At first I said, "Um, we can't have TWO Jack Nicholsons." But they each had a different interpretation of him, and they're brothers, so I decided that worked fine. I believe you're correct that the third voice is Rodney Dangerfield, although I no longer remember. (That's one of the great things about your blog and - preserving oral history.)

    Those voice actors also asked if it was ok to adlib, and I allowed it. That's why they have some amusing byplay that isn't in the script. We chose to leave the original text in the game, rather than changing it to match the voice acting.

    1. The vocal banter between the three men and the gnome remains a high point of this game for me.

      To this day I still remember "You're so narrow-minded you can look through a keyhole with both eyes!"

      Perhaps I'm simply easily amused.

    2. Your insights are always very illuminating! Thanks for reminiscing for us!

    3. My friends and I loved the way these guys departed from the text, definitely one of my fav meta-jokes.

    4. Ah, two takes on Jack Nicholson makes more sense than one of them being Clint Eastwood. I understand that the voice actors extemporized a bit, but I was talking about a situation in which the voice clearly didn't go with the text--in which it was drawn from a conversation later in the game.

  11. I think this is the game where I really struggle with thief playthroughs--robbing an old man's house just seems petty when you're a prince with literally no need for money.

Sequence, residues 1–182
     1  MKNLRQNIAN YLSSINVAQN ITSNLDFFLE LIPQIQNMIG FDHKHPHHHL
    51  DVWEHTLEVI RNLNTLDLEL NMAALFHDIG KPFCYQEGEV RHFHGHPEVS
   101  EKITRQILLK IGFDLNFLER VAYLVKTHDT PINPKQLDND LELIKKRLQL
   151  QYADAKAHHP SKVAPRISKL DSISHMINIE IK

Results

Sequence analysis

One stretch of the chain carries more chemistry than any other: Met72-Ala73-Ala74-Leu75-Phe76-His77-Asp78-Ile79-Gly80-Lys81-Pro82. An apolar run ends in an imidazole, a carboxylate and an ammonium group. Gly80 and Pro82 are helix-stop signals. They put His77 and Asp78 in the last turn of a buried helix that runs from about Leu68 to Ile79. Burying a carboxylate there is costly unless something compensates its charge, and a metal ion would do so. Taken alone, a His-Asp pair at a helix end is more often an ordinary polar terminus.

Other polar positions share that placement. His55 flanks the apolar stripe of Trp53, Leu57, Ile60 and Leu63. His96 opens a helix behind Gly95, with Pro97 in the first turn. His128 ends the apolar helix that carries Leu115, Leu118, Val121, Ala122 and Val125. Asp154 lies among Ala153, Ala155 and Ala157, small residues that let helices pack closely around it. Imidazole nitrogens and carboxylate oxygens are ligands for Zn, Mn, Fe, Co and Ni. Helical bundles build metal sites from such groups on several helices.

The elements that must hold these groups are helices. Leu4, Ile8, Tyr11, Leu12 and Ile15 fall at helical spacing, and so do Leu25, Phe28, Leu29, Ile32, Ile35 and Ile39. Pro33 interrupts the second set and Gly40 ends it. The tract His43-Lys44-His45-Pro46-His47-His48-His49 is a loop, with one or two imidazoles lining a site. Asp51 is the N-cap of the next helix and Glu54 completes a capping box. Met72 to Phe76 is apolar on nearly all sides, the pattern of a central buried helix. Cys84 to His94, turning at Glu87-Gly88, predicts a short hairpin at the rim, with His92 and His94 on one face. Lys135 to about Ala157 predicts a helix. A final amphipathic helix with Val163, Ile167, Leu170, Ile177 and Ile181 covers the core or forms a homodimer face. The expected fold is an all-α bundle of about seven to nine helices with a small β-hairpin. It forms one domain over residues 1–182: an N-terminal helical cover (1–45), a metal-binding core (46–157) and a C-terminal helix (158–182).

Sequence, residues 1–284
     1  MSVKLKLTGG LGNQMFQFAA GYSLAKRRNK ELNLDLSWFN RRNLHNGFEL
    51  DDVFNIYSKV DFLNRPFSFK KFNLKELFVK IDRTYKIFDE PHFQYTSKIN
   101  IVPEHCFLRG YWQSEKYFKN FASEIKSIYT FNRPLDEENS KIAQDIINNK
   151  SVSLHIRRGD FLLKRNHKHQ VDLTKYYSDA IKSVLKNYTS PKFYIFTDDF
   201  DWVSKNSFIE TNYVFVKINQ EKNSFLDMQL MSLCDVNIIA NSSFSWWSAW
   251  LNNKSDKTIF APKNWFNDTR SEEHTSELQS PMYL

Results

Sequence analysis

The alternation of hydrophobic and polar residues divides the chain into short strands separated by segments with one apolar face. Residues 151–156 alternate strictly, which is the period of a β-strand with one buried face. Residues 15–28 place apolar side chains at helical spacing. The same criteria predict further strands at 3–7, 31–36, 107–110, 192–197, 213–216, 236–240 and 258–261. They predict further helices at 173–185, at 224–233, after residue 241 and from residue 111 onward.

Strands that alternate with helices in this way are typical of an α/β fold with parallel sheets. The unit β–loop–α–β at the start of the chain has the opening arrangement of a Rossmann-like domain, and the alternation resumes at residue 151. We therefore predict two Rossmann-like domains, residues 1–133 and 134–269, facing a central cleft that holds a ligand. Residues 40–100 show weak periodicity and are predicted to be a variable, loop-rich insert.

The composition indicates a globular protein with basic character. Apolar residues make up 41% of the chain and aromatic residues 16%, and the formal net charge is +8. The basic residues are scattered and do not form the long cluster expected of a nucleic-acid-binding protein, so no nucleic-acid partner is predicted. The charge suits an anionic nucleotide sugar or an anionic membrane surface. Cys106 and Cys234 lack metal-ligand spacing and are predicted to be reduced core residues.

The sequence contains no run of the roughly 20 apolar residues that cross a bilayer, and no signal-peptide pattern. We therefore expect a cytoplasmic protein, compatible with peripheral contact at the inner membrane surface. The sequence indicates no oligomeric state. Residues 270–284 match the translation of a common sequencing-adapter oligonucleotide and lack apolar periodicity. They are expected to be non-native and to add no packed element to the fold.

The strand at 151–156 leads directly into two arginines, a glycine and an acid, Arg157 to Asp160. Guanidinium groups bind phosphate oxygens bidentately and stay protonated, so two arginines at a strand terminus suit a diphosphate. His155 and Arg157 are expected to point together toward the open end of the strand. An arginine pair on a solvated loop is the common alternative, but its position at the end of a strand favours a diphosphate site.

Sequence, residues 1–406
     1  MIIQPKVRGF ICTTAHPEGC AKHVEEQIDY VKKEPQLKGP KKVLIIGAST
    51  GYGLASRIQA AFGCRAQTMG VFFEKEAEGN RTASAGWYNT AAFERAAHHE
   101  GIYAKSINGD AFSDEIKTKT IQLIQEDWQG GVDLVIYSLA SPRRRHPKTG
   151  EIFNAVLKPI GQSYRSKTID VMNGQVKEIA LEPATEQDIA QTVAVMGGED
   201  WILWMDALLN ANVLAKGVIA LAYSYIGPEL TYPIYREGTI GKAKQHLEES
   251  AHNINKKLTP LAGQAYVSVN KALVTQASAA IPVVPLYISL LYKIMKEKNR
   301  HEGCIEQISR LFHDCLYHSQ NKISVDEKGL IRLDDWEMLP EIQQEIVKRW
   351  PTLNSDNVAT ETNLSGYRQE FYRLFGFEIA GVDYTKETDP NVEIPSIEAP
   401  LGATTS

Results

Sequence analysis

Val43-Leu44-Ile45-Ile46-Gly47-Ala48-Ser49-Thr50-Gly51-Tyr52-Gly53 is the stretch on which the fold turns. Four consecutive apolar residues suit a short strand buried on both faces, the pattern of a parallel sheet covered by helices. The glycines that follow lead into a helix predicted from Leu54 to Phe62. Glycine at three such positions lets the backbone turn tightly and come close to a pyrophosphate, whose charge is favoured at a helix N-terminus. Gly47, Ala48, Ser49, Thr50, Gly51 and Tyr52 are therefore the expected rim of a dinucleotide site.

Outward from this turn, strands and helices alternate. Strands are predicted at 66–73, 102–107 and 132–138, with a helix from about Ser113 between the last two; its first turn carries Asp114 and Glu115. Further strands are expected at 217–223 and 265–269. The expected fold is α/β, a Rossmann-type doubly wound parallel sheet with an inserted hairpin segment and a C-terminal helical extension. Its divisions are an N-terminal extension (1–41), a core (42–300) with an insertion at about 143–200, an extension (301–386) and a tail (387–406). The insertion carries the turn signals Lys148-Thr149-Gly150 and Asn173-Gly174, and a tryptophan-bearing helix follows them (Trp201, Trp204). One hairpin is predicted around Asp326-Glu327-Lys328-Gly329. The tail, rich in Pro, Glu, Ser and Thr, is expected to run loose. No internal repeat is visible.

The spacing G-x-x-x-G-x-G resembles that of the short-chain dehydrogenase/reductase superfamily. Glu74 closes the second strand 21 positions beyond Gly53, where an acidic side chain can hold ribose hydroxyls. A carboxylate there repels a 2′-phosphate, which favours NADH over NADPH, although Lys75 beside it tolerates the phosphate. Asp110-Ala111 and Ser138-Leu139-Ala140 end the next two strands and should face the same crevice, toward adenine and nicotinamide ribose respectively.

1. The funny thing is that I don't believe the thief even gets any points for this burglary, only the one in the burgomeister's office. I wonder if that's so that players wouldn't be punished for roleplaying a thief with a conscience.

  12. "I'm not sure "Stealth" does much for you in the game."

    Generally speaking, my understanding is that in this series sneaking reduces the frequency of random encounters out in the wilderness.

    1. That's probably true. Random wilderness encounters are so infrequent and escapable that I didn't really notice a decrease in their frequency, but it makes sense.

  13. Chet I don't think I've ever seen you play a game this many times on this blog. You must really be enjoying it!

    1. I always fundamentally like a Quest for Glory title. I played all three previous titles multiple times.

  14. To throw a dagger, you have to right-click the gray background on the combat panel.

    (I don't know why this is only barely mentioned in passing in the manual, either.)

    1. And given that there IS a combat panel this is really bad interface design; they should just have added a button to the panel.

  15. Is Chief Thief going through some kafkaesque episode, or am I reading too much into this?

    1. No, you’re right. He even calls attention to it by using the term “metamorphosis.“ I was saving all that for my Kafka posting.

  16. This entry reminds me of a bigger problem I've had with so many rpg's over the decades. The class system is ridiculous. There are restrictions that make no sense, benefits that make no sense. That's why I loved when Elder Scrolls did away with it, just allowing you to get good at the skills you actually use and want to use. It felt like a natural progression and realistic character development. Locking content behind classes for games most people will never finish, let alone replay, seems ridiculous.